Smart Manufacturing Solutions
The Taiwanese government is now looking to upgrade the island’s manufacturing industry, leveraging technologies such as cloud computing, big data, the Internet of Things and smart robots – a shift in industrial practice known as Industry 4.0.
Taiwan’s machine tools are already globally recognized for their high quality and precision. Responding to the Industry 4.0 trend, Taiwanese machine tool manufacturers are now integrating advanced ICT technologies such as optical-fiber sensors. By enabling the collection and exchange of data that can be processed by high-performance analytics and artificial intelligence, this is helping customers to create flexible and automated production lines, says Michael Boyden:
“Taiwan is already the fourth largest exporter of machine tools. With the Covid-19 pandemic increasing the move towards automation and localized production, Taiwan’s machine tool industry is well-placed to take advantage of the smart manufacturing, Industrial Internet of Things (IioT) trend.”
Cosen Mechatronics is one of Taiwan’s leading smart machine tool manufacturers, producing a range of cutting-edge band saws, circular saws, cutting machines and lathes. Its high-precision band-sawing machines and health-diagnosis technology provide clients with a smart cloud service platform that lets them verify the status of various components and carry out predictive maintenance to reduce downtime, while sensors and remote monitoring help to optimize machines performance.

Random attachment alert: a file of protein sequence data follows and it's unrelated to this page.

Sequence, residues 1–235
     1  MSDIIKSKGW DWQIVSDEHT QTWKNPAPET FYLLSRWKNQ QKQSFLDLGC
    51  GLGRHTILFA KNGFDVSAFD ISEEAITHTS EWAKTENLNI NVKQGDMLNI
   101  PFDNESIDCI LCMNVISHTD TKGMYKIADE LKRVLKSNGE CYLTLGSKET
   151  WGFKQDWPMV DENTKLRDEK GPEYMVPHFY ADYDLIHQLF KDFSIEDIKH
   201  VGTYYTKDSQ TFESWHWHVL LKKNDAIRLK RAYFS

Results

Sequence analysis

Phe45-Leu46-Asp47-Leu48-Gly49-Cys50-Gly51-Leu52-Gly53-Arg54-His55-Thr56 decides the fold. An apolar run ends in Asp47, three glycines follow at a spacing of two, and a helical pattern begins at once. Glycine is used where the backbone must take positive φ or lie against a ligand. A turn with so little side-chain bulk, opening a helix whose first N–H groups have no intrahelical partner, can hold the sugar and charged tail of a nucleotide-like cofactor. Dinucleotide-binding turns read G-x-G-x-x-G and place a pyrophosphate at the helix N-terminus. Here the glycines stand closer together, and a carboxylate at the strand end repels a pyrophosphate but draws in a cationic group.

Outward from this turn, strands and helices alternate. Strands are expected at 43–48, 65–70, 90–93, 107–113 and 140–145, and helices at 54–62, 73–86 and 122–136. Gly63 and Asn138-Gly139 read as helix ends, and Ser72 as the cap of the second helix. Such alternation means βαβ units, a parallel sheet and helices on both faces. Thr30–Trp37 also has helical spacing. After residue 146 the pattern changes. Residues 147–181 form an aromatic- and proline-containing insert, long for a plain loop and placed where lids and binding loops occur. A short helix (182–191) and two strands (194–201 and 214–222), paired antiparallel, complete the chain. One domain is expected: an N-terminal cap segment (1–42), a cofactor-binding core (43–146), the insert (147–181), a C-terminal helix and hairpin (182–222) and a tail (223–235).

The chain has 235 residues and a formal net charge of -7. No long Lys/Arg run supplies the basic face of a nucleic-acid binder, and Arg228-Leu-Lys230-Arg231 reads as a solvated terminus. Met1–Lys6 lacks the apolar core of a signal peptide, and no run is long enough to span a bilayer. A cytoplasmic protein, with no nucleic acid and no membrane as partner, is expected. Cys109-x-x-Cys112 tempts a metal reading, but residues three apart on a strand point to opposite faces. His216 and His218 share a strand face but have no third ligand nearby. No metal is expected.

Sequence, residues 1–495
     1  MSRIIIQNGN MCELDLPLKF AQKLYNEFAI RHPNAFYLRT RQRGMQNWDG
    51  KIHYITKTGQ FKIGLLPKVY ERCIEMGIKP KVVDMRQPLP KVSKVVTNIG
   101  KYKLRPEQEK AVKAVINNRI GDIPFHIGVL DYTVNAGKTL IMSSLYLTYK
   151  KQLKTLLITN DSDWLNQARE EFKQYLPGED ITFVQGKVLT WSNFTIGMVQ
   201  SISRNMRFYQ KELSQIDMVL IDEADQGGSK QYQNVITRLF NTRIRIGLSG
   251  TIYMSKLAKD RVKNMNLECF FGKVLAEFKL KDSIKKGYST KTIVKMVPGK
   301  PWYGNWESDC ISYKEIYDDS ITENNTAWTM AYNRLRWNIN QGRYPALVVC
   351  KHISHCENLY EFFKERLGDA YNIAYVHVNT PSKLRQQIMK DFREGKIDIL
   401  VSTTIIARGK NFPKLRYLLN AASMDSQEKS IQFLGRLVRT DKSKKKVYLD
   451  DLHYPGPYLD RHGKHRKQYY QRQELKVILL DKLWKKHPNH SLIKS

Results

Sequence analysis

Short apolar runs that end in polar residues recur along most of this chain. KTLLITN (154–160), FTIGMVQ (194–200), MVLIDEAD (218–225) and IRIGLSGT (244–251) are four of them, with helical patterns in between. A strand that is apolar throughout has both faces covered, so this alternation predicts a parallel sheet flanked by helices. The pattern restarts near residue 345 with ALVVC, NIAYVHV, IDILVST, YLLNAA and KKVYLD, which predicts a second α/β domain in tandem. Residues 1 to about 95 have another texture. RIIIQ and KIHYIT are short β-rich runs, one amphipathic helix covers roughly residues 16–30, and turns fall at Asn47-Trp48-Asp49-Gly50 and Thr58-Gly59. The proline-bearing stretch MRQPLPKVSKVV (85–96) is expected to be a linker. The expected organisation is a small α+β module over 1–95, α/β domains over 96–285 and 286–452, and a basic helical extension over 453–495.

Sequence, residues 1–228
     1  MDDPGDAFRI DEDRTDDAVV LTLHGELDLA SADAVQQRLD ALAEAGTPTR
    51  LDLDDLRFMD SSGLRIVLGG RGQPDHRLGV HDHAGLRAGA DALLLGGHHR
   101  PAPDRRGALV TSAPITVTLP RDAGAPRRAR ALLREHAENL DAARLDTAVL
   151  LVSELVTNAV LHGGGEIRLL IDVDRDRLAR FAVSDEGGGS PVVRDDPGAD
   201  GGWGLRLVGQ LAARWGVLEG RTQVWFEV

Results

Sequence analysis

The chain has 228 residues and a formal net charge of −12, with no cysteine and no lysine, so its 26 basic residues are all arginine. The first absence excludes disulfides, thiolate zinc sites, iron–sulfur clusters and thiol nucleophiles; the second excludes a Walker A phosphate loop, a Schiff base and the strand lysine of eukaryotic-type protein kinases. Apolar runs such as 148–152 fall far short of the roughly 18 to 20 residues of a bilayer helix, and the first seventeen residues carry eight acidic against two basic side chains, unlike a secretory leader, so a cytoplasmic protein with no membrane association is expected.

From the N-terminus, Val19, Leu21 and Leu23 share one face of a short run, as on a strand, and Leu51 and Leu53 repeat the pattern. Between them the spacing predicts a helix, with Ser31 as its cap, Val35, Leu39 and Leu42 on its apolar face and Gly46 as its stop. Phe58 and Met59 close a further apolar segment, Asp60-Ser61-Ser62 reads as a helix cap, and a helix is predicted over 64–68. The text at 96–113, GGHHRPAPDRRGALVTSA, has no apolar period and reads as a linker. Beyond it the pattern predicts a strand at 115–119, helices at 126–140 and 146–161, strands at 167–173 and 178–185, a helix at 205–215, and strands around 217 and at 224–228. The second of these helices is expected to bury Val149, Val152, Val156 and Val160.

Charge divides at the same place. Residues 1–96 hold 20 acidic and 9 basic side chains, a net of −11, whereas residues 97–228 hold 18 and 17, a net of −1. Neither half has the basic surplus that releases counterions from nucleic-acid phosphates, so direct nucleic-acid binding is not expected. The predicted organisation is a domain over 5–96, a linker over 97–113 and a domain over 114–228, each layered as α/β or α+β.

The five-axis machine tools from Taiwanese machine tool manufacturer Axile Machines also come with a smart monitoring system, which uses AI-empowered sensors to monitor mechanical components.
Challenges and Opportunities
By maintaining domestic political and economic stability, Taiwan’s successful approach to COVID-19 has helped to boost economic growth. In a performance index recently published by the Lowy Institute, Taiwan ranked third among 98 states evaluated for their handling of the pandemic.
Yet weaknesses also remain in the Taiwanese economy, with many experts highlighting Taiwan’s over-reliance on trade with China. This continued dependence is partly due to the fact that China was the only major economy to recover from the pandemic and grow in 2020. And while they may resist, young Taiwanese graduates looking for work typically find China to be one of the most fertile overseas hunting grounds.
For Taiwan’s success story to be sustainable, the island must retain its dominant position in the semiconductor space, diversify its economy so that a broader segment of society enjoys its success, and strengthen its relations with a greater range of economic partners, says Jim Chen, Taiwan Country Manager for consultancy firm Mott MacDonald:
“Since the Democratic Progressive Party won the presidential election in 2016 the Taiwanese government has been promoting the ‘New Southbound Policy’, which is focused on developing stronger ties with countries in Southeast Asia and South Asia. Taiwan’s agriculture, food, textile, engineering and manufacturing, and semiconductor (lower end) sectors have already started relocating and diversifying to India, Vietnam, Indonesia and Thailand.”